I would prefer if the Minister, Deputy Martin, was present to respond to some of the issues I will raise during this debate. I mean no disrespect to the Minister of State, Deputy O'Malley, who has more responsibilities in the Department than I had when I held that office between 1987 and 1989.
In 1968 the famous Fitzgerald report was published. It was compiled by a group of consultants who decided that Roscommon County Hospital should become a community health centre. The man who commissioned that report was the former Deputy and Minister, Seán Flanagan, whose car crashed in Tarmonbarry and whose life was saved in the accident and emergency department of Roscommon County Hospital by the surgeon, Mr. O'Hanrahan. The former Minister realised then the benefits of having an acute hospital nearby and the policy was changed. The 1970 Act was passed.
During my time as chairman, tremendous work was done by the board on behalf of the public it served. I stand over that work.
The national task force on medical staffing comprised about 51 consultants and professionals but hardly any consumers to put forward the views of the people of the west and other areas. I would not rely on any paid official, whether it is Dr. Hynes or Dr. Ryan, to put forward the views that I, Senator Kitt or Senator Ulick Burke would put forward. Why were their voices not heard? We should bin the report. It is a disaster both medically and politically. I do not stand over this report and I intend to ensure it is binned.
However, I stand over "Quality and Fairness – A Health System for You" which had a vision and received marvellous input from the health boards. There were no proposals in that report to remove the health boards or to close accident and emergency departments. It also took account of the regulations and directives from Europe. The vision I stand by, which was adopted by the Fianna Fáil Party before the election of 2002, is the vision in the health strategy. It is:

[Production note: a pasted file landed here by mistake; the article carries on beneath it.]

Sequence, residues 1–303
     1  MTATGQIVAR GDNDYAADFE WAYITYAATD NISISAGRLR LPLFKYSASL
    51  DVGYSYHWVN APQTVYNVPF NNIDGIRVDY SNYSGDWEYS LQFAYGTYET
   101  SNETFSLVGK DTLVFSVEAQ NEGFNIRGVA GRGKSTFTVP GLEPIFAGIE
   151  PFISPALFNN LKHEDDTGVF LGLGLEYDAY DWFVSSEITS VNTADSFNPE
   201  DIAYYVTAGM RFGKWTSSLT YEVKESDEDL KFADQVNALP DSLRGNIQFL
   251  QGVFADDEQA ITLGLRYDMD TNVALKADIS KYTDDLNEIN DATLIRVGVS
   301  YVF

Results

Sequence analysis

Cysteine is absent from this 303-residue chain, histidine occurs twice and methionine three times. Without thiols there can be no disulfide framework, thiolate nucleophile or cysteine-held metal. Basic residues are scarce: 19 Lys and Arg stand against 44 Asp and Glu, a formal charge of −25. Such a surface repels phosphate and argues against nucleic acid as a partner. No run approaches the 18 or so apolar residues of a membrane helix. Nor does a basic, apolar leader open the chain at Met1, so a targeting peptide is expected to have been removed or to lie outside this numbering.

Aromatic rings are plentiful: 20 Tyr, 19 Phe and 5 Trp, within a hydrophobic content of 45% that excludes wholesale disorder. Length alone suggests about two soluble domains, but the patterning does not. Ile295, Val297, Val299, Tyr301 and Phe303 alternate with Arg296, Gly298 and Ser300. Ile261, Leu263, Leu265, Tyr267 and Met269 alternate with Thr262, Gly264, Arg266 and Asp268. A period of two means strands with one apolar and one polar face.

A health system that supports and empowers you, your family and your community to achieve your full health potential
A health system that is there when you need it, that is fair and that you can trust
A health system that encourages you to have your say, listens to you, and ensures that your views are taken into account.
That does not include the removal of the health boards. I attended the meetings in Dublin Castle when the Minister was present. Most of the people involved with that consultative document were in the health services and were from the regions. There were none of these vested interest professionals who want large hospitals with large numbers of consultants. Has the health strategy document, "Quality and Fairness – A Health System for You", been binned? It was to be implemented over the next seven to ten years and was well received by the public.
The Brennan report, the Prospectus report and other reports have been produced since then. My primary concern is that the people in my constituency get a good health service. I signed the contract for the accident and emergency department in Roscommon on 15 May 2002. It will cost about €8 million to complete. I signed it as chairman of the Western Health Board. The Minister said today that he gave the board the money and I acknowledge that. I acknowledge the work he has done for accident and emergency service provision in Roscommon. However, I did not sign that contract to close the accident and emergency department in Roscommon County Hospital.
If this report is fully implemented, the hospital will only open from 8 a.m. to 8 p.m. I passed the hospital this morning and the lights were on in the accident and emergency department. It is a beacon of hope for those who are ill and in need of emergency treatment. Yesterday, there was an 85 year old man and a 92 year old nun on trolleys in the hospital. Would they get a bed in Galway? Will the 14,000 people who are treated in the accident and emergency department in Roscommon be shipped to Galway where there will be no beds available for them? There will be no beds because it is more expensive to provide those beds than to provide the consultants in Roscommon County Hospital.
I signed the contract for Portiuncula Hospital. The Western Health Board bought the hospital for £11 million. We did not buy it to close the accident and emergency department or to close the maternity unit. I owe that hospital a great debt of gratitude. Mary and I had four children in that hospital and it provided a great service. Portiuncula and Roscommon County Hospital work closely together. The hospital in Roscommon in excellent. I might be parochial but it is a referral hospital. When a case arrives, the first priority is to ensure the patient is made safe and if they have to go to an orthopaedic hospital, St. Luke's Hospital, St. Vincent's Hospital or the Mater, they go prepared and, in many cases, they return to Roscommon for rehabilitation.